It occurred to me just now that something can be the damnedest thing, and something can be a damned thing, but I’ve never heard anyone refer to something as a damneder thing. But I figured before posting about it, I should do a bit of research to be sure damneder isn’t in wide use. And […]
I just saw an email advertising a “three-day flash sale,” but I misread it as a “three-day fish sale.” Which led me, of course, to Ben Franklin’s saying about fish and guests; that turns out to derive from John Lyly’s 1578 book Euphues: The Anatomy of Wit, which includes the line “fish and guests in […]
Just glanced at a fundraising letter, and for a moment wasn’t sure whether it said “Liberian activist,“ “libertarian activist,” or “librarian activist.” (It turned out to be the first of those, but I was intrigued by the juxtaposition of those three categories, even though that juxtaposition was only in my head.) (Also interesting that I […]
I feel like in science fiction lately, there’s been an occasional tendency (though with many exceptions) for authors to adopt the style of Iain M. Banks in naming their fictional spaceships. Before Banks came along, I feel like fictional spaceship names tended to be one or two words (of course, many of these names were […]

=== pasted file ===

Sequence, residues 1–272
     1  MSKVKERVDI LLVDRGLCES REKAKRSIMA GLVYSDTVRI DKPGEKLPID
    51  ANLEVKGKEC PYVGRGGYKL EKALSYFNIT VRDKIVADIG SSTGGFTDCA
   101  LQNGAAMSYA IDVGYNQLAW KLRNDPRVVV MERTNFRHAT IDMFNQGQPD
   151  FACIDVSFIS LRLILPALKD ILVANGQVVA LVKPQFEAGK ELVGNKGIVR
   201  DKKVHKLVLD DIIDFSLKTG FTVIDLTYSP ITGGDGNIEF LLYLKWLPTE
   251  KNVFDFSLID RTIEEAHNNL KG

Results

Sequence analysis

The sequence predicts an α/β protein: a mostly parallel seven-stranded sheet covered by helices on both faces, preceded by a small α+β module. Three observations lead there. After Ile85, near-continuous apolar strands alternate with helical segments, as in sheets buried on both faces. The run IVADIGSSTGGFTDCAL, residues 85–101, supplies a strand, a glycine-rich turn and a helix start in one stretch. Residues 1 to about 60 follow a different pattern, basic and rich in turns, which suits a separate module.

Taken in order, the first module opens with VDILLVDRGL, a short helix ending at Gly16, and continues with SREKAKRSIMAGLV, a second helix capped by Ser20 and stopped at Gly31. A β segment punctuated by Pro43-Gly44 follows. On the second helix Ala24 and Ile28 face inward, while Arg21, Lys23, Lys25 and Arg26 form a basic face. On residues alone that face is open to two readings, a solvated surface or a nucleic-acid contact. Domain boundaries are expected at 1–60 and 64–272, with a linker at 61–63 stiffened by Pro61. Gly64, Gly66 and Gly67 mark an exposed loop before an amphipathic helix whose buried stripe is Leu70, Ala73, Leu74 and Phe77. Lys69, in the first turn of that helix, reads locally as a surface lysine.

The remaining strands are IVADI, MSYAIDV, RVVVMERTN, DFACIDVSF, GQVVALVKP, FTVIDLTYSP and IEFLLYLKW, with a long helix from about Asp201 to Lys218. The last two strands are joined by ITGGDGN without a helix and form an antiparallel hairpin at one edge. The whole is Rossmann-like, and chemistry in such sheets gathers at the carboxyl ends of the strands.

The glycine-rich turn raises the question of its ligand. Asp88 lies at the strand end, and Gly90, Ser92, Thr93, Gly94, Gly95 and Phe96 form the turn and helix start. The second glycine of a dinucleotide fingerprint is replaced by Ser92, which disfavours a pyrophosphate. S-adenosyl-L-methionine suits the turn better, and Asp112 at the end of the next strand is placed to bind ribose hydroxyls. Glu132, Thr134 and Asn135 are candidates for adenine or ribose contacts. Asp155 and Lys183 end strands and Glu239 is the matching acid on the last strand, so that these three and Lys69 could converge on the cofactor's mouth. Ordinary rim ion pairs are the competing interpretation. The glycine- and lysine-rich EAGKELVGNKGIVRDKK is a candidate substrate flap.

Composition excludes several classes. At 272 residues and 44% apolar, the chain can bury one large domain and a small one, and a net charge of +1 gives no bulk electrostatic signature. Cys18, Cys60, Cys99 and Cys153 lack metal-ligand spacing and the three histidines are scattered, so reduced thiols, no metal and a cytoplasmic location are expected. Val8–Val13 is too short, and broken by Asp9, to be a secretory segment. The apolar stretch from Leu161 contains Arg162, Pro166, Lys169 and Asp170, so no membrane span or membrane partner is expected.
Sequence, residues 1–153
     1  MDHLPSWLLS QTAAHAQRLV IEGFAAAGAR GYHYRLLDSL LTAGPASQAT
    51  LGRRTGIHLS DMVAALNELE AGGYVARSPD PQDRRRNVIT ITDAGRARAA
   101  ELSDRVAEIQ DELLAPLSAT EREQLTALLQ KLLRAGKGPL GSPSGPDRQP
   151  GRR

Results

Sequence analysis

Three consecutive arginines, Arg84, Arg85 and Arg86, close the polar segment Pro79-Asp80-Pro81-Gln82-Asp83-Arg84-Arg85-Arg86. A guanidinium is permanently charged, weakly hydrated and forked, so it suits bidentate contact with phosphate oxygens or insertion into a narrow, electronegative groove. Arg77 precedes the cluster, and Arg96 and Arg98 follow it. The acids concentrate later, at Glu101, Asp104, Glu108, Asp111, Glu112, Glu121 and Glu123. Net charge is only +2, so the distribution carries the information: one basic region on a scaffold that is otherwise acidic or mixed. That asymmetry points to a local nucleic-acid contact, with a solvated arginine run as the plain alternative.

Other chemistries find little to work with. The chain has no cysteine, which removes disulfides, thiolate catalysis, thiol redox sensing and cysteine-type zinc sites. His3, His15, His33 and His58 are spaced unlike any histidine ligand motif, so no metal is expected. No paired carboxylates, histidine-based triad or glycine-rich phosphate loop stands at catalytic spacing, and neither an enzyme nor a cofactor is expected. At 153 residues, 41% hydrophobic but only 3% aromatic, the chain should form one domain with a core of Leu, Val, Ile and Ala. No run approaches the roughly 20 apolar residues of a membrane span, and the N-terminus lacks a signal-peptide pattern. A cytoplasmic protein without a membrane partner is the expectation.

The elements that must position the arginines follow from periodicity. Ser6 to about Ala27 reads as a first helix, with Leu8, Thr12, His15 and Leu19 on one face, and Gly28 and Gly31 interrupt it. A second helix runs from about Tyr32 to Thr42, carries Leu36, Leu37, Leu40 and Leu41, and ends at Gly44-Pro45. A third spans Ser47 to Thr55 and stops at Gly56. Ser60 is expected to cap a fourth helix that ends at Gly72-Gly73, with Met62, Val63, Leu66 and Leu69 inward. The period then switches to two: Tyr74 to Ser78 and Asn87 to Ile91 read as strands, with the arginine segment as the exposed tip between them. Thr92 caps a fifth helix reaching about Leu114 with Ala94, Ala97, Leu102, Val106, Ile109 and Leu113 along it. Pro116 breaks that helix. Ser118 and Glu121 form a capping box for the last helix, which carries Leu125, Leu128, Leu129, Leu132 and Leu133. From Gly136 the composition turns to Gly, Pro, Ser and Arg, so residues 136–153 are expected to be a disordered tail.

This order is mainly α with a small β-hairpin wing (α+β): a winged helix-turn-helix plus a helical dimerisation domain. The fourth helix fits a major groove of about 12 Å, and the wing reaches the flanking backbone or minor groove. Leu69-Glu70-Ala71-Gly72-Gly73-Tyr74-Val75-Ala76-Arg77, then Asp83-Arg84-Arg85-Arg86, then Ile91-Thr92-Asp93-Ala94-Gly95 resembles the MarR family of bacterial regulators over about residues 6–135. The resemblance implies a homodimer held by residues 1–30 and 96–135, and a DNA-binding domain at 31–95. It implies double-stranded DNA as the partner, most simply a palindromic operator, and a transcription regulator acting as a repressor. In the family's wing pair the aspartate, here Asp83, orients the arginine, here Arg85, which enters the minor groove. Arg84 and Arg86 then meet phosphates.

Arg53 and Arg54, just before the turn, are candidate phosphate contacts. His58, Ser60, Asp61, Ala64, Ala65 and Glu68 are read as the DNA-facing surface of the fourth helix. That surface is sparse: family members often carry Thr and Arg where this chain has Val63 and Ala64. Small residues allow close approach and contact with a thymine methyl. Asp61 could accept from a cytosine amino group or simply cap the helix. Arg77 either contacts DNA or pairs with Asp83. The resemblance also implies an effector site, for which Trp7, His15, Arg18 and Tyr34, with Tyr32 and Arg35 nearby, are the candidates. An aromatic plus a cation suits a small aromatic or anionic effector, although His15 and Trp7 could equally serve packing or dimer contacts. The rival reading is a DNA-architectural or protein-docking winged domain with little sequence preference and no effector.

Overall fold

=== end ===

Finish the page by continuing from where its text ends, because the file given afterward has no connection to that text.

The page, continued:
Asking the phrase to carry a lot on its, well, never mind.
I prefer the uncorrected version, myself.
I personally use the three-syllable version, as it sounds more pretentious.
For a long time, I’ve been intermittently collecting fortune-cookie fortunes that I find entertaining with phrases like in bed or between the sheets added. The other day, Kam came up with a new-to-us variation: adding between the sheets after lines of dialogue in Star Trek: The Next Generation episodes. I didn’t write down any examples […]
Back in 2012, I wrote an entry about encountering the word arsy-tansy in The Spy Who Came in from the Cold, and discovering that that term didn’t exist anywhere else. Just now, I came across the word arsy-versy in an Anthony Boucher story, “The Chronokinesis of Jonathan Hull.” (“The disturbingly arsy-versy normal world…”) It turns […]
Yesterday's OED word of the day was 'orthography'.